State of Nevada Strikes Settlement With Department of Energy Over Plutonium Shipments


June 26, 2020

Carson City, NV – Today, Governor Steve Sisolak, Attorney General Aaron D. Ford, and Nevada’s federal delegation announced a finalized settlement agreement between the State of Nevada and the Department of Energy (DOE) regarding their shipment of weapons-grade plutonium. The settlement marks a significant victory in Nevada’s fight to prevent the DOE from making Nevada its plutonium destination of choice.

In August 2018, the DOE announced its plan to ship up to one metric ton of plutonium to Nevada for indefinite storage. The DOE’s plan failed to adequately address the environmental impacts and risks involved. The Offices of the Governor and the Attorney General took immediate action to prevent these shipments from entering Nevada, and the Office of the Attorney General subsequently filed suit on behalf of the State. Through the filing of this lawsuit, the State uncovered that the DOE had secretly shipped one-half of the proposed plutonium shipments to the State while seemingly engaged in good faith discussions with the State’s leaders.

Today, the State of Nevada and the DOE entered into a settlement agreement to resolve this litigation and begin to rebuild the trust crucial to maintaining the long-standing relationship between the DOE and the State.

“I am pleased to see the results of the hard work and persistence on behalf of Nevadans from the Attorney General’s Office and our federal delegation to reach this settlement agreement,” said Nevada Governor Steve Sisolak. “This settlement is a significant victory in our State’s efforts to keep the weapons grade material out of our State."

“This resolution marks a significant commitment from the Department of Energy to remove the plutonium that was sent into our State without notice or consent,” said Attorney General Aaron D. Ford. “Every Nevadan should rest assured that their health and safety continues to be our first priority. The governor, our federal delegation and my office have worked tirelessly to have this dangerous, weapons-grade material removed from our State. While I’m hopeful that this agreement is the basis for a stronger and more collaborative relationship with the Department of Energy, my office stands ready to protect the interest of Nevadans. I thank Secretary Brouillette for his commitment to Nevadans and look forward to seeing the safe removal of the plutonium begin next year.”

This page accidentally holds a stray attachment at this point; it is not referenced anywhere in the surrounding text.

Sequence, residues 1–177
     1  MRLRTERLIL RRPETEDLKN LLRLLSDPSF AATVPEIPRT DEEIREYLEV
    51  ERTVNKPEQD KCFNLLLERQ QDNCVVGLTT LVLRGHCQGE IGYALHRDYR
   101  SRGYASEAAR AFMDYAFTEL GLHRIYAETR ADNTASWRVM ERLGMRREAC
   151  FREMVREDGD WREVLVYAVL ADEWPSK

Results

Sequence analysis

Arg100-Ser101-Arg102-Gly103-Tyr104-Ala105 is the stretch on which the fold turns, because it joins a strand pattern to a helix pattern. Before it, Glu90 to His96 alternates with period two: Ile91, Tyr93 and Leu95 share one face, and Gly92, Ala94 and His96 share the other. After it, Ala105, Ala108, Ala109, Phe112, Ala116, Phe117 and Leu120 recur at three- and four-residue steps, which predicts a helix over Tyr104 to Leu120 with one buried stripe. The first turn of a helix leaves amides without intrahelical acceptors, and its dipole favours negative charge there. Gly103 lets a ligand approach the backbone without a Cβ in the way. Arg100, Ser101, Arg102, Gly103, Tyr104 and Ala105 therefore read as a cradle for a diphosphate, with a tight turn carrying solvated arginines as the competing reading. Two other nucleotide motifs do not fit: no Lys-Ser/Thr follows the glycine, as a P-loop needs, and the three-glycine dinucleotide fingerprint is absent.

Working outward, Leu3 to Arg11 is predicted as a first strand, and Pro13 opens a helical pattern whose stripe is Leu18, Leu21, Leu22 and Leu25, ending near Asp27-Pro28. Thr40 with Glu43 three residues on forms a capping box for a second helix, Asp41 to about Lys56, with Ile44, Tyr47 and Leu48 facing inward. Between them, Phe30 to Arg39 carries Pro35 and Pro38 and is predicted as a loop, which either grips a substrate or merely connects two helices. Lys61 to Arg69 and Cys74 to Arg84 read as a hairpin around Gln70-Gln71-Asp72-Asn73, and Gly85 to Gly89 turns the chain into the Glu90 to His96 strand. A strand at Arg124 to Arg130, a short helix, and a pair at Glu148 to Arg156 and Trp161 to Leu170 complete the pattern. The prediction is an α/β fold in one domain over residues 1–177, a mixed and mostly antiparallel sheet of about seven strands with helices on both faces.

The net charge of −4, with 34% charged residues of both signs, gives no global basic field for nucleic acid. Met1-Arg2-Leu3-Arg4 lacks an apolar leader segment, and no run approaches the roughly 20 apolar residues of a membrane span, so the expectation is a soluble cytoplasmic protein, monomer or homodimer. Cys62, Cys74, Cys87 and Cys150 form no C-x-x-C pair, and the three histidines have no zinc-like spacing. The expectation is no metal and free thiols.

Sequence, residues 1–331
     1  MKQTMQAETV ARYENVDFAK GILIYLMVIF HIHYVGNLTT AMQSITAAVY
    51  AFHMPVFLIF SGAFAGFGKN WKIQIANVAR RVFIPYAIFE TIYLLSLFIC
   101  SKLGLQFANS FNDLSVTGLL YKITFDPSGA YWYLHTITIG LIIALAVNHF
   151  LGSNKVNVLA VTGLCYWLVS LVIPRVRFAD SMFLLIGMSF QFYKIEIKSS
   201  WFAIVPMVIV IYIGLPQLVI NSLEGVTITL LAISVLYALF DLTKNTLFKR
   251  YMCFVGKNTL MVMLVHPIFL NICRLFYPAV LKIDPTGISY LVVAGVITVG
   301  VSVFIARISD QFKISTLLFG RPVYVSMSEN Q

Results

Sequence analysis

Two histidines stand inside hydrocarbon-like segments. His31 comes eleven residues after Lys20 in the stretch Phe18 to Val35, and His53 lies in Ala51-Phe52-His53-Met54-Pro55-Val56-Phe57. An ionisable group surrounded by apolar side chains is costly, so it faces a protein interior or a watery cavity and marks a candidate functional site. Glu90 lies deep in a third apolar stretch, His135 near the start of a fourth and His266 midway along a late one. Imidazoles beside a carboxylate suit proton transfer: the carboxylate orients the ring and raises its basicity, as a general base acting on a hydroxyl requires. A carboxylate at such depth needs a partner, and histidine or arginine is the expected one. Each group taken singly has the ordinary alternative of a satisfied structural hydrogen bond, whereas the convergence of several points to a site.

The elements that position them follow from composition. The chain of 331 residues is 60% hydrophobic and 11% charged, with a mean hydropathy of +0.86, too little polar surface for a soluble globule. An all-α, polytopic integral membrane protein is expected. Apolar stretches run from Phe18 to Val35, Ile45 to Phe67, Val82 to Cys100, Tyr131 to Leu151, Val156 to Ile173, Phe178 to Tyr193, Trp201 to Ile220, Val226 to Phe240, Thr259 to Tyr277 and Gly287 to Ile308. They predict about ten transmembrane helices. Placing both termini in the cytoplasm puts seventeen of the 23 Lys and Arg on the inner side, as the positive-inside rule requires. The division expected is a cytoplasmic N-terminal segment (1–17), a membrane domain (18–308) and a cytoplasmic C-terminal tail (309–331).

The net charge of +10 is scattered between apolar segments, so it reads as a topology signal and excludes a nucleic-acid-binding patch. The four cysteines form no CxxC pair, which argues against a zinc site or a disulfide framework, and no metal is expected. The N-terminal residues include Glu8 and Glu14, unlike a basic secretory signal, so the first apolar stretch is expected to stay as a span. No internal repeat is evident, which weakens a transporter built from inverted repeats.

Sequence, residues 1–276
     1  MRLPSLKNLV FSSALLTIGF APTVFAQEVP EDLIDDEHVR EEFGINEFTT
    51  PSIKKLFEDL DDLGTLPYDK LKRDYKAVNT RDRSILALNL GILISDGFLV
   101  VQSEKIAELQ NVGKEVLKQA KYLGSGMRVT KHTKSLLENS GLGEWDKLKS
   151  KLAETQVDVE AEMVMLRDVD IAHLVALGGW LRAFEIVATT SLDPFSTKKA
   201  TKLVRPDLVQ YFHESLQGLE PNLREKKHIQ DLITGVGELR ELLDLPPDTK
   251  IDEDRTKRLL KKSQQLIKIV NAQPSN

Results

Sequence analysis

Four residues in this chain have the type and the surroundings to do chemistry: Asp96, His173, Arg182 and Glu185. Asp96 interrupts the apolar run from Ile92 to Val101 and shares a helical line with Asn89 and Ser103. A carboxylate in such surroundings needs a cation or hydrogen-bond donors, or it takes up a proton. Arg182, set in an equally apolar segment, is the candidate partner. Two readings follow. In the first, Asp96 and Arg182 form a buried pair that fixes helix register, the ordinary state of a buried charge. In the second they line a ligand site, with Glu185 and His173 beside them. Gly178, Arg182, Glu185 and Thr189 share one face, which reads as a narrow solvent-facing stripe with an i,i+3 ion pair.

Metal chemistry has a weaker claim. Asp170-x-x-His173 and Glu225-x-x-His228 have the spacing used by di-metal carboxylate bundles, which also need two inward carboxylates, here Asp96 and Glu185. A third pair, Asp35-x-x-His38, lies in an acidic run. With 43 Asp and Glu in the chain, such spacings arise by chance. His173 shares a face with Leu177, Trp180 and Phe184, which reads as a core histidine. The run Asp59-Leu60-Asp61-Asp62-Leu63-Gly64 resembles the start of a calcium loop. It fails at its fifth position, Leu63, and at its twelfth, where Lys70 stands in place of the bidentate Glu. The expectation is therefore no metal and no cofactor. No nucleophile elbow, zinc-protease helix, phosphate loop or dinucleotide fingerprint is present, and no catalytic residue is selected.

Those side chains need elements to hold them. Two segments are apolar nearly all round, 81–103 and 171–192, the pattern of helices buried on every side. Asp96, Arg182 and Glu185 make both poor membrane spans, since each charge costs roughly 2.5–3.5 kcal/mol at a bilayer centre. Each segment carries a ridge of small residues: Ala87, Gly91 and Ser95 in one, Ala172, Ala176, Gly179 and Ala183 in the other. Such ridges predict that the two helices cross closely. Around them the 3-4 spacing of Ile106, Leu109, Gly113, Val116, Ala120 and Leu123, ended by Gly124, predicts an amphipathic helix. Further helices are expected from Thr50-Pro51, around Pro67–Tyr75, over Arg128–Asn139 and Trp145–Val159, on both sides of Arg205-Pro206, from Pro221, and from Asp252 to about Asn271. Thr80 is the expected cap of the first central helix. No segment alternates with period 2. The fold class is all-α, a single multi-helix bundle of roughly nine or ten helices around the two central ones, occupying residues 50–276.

In April 2019, Senator Catherine Cortez Masto received a commitment to remove the plutonium from then-Secretary of Energy Rick Perry. Senator Cortez Masto further successfully requested Secretary Brouillette to stand by those commitments when questioning him at his confirmation hearing. The commitments obtained by Senator Cortez Masto provided the framework for the settlement agreement that the State enters into with the DOE today.

“I’m pleased that the Department of Energy and the State of Nevada have reached a settlement to remove the weapons-grade plutonium that was secretly shipped to Nevada and to prevent any future shipments from South Carolina,” said Senator Catherine Cortez Masto. “I’d like to thank Attorney General Ford and Governor Sisolak for keeping up this fight to hold the administration accountable.”

Congresswoman Titus has fought to remove the plutonium from Nevada and prevent additional shipments.

"The Trump Administration attempted to mislead the courts and secretly dump radioactive plutonium in our backyard. Nevadans have Governor Sisolak, Attorney General Ford, and our Congressional delegation to thank for not letting the Department of Energy get away with it,” said Congresswoman Titus. “Time and again, the Trump Administration has treated our state as a trash can for the nation's waste. Today's announcement is a major step toward reversing the damage inflicted upon our state and protecting the health and safety of Nevadans."

As part of this settlement agreement, the DOE will begin removing the one-half metric ton of plutonium currently in the State next year. The DOE will have this material completely removed from the State by no later than the end of calendar year 2026. The DOE also agrees that it will not ship the additional one-half metric ton of plutonium that it originally had planned to Nevada.

Most importantly, the agreement applies to the remaining weapons grade plutonium stored at the DOE Savannah River Site in South Carolina. The DOE failed to convert this surplus weapons plutonium into reactor fuel to render it unsuitable for warheads, as part of a nuclear arms control agreement between the United States and Russia. The DOE may be required remove the remaining plutonium – more than ten metric tons – in the next 18 months.

By this agreement, the DOE has stated its intention to meet any future obligations without sending additional surplus plutonium to this State. The DOE agrees to notify the Attorney General Ford if this “intention” changes within 30 days. This will give the AG Ford time to file suit if necessary to protect the State’s residents and environment. 

 

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